Transitioning from a Consulting to Project Management Role?
Are you among those SAP Consultants who are asked to lead a Project suddenly and you, having spent whole your SAP life in Consulting, are reluctant to take the new role ONLY BECAUSE you don’t know exactly what it’ll take to deliver the assignment successfully? If yes, I suggest you to accept the assignment. You already have been performing some of the project management activities even in your consulting career and therefore it shouldn’t be so difficult for you in transitioning from Consulting to Project Management. Since I have experienced it already, initially with very small assignments few years ago and now with large-scale (and different types of) projects, I am convinced even the Project Manager role is as exciting as is the Consulting. Regardless of challenges (which you have anyways even in consulting roles), you learn a lot being a Project Manager. Here I’m summarizing the key activities which you as a new Project Manager would, mostly, be performing.
Planning: To start the project work you break it down in phases & work streams. As a consultant you’ve been doing different activities in different phases of the project; from Arranging for Workshops to Blueprinting to-be design, Configuring & testing the system to Implementing & Deploying Solutions. Now as a Project Manager, your scope would be wider; you’re not responsible ONLY for your domain but also for overall team work. In this case you just need to develop a good plan. To do so, you need to coordinate with team (of consultants) involved in the project to contribute to master plan. Previously you, as a consultant, was participating in plan by giving dates of individual activities you had to perform. Now you would be asking your team to do so. Once you have all the feedback, you may need to ADJUST the plan by allocating resources from one to other activity. The project plan would be foremost tool for you to run the project and you’d need to be proficient in it. There are many tools which can help you in your project planning, MS Project being most common and easy-to-use.
Execution: To practically start the project, you’d need your leadership skills most in addition to effective communication abilities. You’d be arranging for kick-off meetings in beginning and status meetings later to keep stakeholders informed of the project timeline. Previously you were the participant in such meetings as a consultant. Now as a project manager you’d be organizing such meetings. And as an organizer you may some time find it challenging to settle on common timeline which suits everyone’s schedule.
Monitoring: Keeping eye on all of the project activities at the same time is among those good skills which you learn only on project management role and not in consulting role. Therefore accepting such role means you learn high-level picture of the overall scenario. As a consultant, previously your view was limited to the area of your expertise and thus you were not really sure how you contribute to the success of the project. But as a Project Manager, while monitoring all of the activities, you can now understand how the project add value to customer’s business.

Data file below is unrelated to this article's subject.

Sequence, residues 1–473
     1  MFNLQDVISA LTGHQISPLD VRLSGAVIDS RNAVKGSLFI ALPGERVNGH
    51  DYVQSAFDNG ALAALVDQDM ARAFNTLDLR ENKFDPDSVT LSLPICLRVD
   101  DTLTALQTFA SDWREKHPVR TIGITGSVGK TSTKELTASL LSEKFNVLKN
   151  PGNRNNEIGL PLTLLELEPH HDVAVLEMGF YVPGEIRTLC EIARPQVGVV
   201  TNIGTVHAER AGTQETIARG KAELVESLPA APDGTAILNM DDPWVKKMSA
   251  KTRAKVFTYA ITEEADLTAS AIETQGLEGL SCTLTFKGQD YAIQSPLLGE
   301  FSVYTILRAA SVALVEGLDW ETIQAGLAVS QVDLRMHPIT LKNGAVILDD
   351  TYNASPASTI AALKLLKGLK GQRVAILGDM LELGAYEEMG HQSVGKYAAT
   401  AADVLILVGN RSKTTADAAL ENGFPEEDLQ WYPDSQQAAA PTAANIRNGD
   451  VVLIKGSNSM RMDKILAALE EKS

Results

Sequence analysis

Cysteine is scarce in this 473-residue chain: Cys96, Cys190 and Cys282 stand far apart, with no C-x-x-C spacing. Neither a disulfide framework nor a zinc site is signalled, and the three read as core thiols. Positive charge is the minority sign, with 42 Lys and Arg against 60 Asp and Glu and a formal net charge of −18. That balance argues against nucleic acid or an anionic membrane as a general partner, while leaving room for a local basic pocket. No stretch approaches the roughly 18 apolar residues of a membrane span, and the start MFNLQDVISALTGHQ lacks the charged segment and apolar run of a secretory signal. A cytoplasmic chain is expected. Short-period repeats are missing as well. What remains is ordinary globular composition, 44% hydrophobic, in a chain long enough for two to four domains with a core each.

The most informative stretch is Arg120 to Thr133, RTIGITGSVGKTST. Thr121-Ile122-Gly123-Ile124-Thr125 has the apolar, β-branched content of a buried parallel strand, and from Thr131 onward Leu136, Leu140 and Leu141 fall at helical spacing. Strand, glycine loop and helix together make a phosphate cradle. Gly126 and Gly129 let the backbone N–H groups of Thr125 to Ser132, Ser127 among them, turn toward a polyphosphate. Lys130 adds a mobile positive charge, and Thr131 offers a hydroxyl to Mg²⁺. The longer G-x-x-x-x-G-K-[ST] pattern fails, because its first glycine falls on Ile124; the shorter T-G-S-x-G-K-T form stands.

Controlling: As project goes on, new requirements may come in. The initial agreement for the project scope may differ during the life-cycle of project. You may need to maintain log of new requirements just as you do for project issues. You may note as soon as scope of the project changes, time, cost & quality among other factors are also impacted. So you, as a Project Manager, have to exercise your negotiation skills now, in addition to leadership and communication, to clearly describe the consequences to control the project scope.
Closing: At end of each phase of the project, you make sure each activity within the phase is completed and accepted. As a consultant, previously you were concerned your blueprint document is signed before you started configuring system and moving on with next steps. Here as a project manager, you’re concerned with various work streams (mentioned below) and not only the solution aspect. So closing a phase (and ultimately the project) means delivering number of things which give broader understanding of SAP solutions.
In terms of work streams you may be involved in following activities during the lifecycle of your project, in addition to typical project management.
Organizational Change Management: Ensuring all the stakeholders embrace the change.
Training Management: Making sure right training is given to right users of your solution and they’re equipped with required knowledge to perform their activities.
Business Process Management: Aligning SAP Solutions with Business Processes and transforming the processes where required.
Technical Solution Management: Providing required landscape for the new solutions.
Integrated Solution Management: Ensuring the solutions is well-aligned and integrated in overall environment.
Data Management: Maintaining confidentiality of data while migration from legacy to new systems.
Obviously the involvement in any of these activities and the extent may vary from project to project, depending on the type / size of the project but as a general rule, the exposure is larger than working merely as a Consultant. So I’d suggest you not to hesitate and take-up the new role as it may give you another vision. Here on the forum, we have many SAP Project Managers and Consultants and I welcome them all to comment on my thoughts to encourage to-be project managers to deliver value to their customers.